27 April 2008

A FREE Sunday. . . finally!

Helped by the fact that it’s unseasonably cold and rainy outside, so the backyard will have to wait until another day where leaf raking is concerned. That means -- hold on to your hats guys – I’m going to fire up the old paintbrush and apply a base coat of gesso to those RSM French musketeers sitting over on the painting desk in just a little while. Funny how something so mundane can, nevertheless, get the blood boiling and make the hair on the back of one’s neck stand to attention!

Last night, the Grand Duchess and I had two couples, with whom we are friends, over for dinner and drinks yesterday evening, and it was a resounding success. Lots of good conversation and laughter along with my Algerian couscous recipe followed lots of fresh, strong coffee. Sonja and I slept in this morning and enjoyed a late breakfast at the dining table, during which we discussed the events of last night. In fact, I only just arrived here in Zum Stollenkeller a short while ago, and it’s just after 2:30 in the afternoon. Lazy Sundays are great!

Now, many of you will, no doubt, enjoy this next bit of news that I’ve meant to tell you for some days. Yes, I have come into a huge amount of 1.5” to 2.5” Styrofoam sheeting, in which several new bookshelves (that we purchased for our library) were packaged. Big pieces of the stuff that are about 6’ long x 2‘ wide. Lots and lots of material with which to create hills, earthworks, redoubts, and maybe even some Vauban-inspired fortifications over the next several months. I mean there’s an incredible amount of packing material just outside my doorway here. . . much to the chagrin of the Grand Duchess. In short, it’s a packrat’s dream! Well, Mom always said that I am easily entertained! I guess she is right. ;-)

I’ve also been rereading a short chapter on the activities of engineers in wargames by Donald Featherstone from, I think, Advanced Wargames. Just haven’t had the energy in the evenings to get back into that Martin Amis novel I began last month. Anyway, very interesting stuff in Featherstone since I want to be able to use engineers/sappers/pioneers more than only occasionally on my table. From what I’ve gleaned about these specialist troops during the last few months from David Chandler’s wonderful book on Marlburian warfare, I think that there are all kinds of interesting possibilities, which might spice up horse and musket era wargames rather nicely.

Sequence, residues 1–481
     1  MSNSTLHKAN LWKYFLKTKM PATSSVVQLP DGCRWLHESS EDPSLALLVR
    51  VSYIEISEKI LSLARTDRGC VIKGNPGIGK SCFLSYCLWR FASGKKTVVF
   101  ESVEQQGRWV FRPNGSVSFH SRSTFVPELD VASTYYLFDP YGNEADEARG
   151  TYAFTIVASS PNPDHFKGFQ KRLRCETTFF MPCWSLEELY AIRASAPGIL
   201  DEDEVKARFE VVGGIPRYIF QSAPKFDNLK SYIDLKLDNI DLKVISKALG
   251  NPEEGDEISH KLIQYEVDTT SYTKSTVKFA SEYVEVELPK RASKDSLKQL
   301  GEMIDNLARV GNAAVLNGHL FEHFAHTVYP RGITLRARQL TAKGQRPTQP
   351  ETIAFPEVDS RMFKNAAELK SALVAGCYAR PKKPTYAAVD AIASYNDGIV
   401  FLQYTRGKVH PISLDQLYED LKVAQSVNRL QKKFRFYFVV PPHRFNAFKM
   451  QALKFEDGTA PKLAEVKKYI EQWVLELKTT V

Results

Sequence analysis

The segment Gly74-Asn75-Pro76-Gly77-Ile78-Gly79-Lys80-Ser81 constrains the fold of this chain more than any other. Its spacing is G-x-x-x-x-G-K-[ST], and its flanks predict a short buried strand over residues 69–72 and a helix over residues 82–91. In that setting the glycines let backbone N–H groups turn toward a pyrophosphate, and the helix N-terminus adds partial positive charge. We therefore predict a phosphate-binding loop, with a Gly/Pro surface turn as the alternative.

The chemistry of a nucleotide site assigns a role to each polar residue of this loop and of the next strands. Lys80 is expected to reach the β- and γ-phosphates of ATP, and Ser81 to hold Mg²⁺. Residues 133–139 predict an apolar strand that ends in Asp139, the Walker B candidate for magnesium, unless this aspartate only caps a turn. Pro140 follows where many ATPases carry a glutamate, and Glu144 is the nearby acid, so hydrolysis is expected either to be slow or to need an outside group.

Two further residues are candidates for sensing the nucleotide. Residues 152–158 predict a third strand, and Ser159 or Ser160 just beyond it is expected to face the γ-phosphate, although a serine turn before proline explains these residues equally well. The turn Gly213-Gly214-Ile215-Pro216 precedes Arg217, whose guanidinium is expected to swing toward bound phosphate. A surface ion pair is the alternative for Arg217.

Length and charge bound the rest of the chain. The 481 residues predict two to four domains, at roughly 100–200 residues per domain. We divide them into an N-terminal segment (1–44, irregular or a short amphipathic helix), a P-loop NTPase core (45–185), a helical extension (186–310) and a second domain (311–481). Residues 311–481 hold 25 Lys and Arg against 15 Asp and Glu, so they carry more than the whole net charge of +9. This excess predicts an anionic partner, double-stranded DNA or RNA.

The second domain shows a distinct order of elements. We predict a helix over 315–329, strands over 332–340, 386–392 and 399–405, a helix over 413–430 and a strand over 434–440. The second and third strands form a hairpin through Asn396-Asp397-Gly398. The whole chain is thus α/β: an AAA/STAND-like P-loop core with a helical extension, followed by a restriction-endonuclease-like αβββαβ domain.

Thank to everyone who sent me suggestions and pointers for wargaming tables over the last few days. While something along the lines of Brigadiers Young’s huge table with a trapdoor in the center is sorely tempting, I think I will try something a bit more practical and: 1) Either look for a second-hand ping pong (table tennis) table, or 2) visit a store like Office Dept or Office Max and purchase a few of the 6’ long folding tables over which I’ll place pieces of 1” thick particle board. Green cloth would be easier and cheaper, but I want to paint the table surface Grassy Meadow, a shade of green latex paint produced by Olympic Paints here in the USA that is almost the same shade as GW’s Goblin Green – the color I use to paint the bases of my figures. Well, that’s the idea anyway.

Finally, I see that the new issue of Battlegames – Issue #12 – is due before long, so that’s something else to look forward to. I’m especially eager to see the article by Stuart Asquith on a battle from the 1866 war between Austria and Prussia. And there are always several other interesting pieces too, regardless of period in question. Sadly, it looks like the article I sent to Henry in late 2006 has not made it again. Sigh. Well, maybe next time.

Ok, I should stop writing now and get over to those RSM musketeers. And you too – Get those brushes out and get painting, men! Those figures won’t paint themselves.


Bluebear Jeff said...


I'm happy for you and your "FREE Sunday" . . . enjoy it.

As for styrofoam, it has been my experience that furniture stores are always tossing scads of large pieces into their dumpsters . . . and they don't mind someone taking it.

Sure, lots of stores toss styrofoam . . . but most of it is small and/or molded to odd shapes. The nice thing about furniture stores is that much of it is in very large flat pieces.

I'm about to head of to try something different -- a pulp-era RPG/miniature game.

It starts in 1934 in Rio de Janeiro (sp?). I'll let you know how it works (or doesn't).

-- Jeff

tradgardmastare said...

Thanks for the update - sounds a great day!
I look forward to watch things evolving as the days go by....
best wishes
p.s when can I order the book....

A J Matthews said...

Welcome back, Stokes! It's always nice to have a spell of free time.

You might like to take a look at The London War Room for engineer figures in 25/28mm.

They stock a small but useful SYW range of engineers/sappers wearing armour, plus a few eclectic troop types such as Spanish militia and mountain troops which can fit any ImagiNation. The LWR's service is excellent.

Snickering Corpses said...

Glad to hear the update, and congrats on the chance to relax! I've picked up Duffy's "Fire and Stone" about seige warfare, though it's sitting on the "to read" pile and likely to do so for a while yet.

And yes, I'm still waiting for my own article to appear. Perils of Henry having so much material and so few pages to put it on, I'm sure.

Martin said...

Hey Stokes,

Wouldn't it be neat if they did paint themselves?! On the other hand, I would be depressed if they did a better job of it than I could!



Snickering Corpses said...

Stokes, you'll like the latest post at the Frivolous Fusiliers blog. A Blasthof refight!



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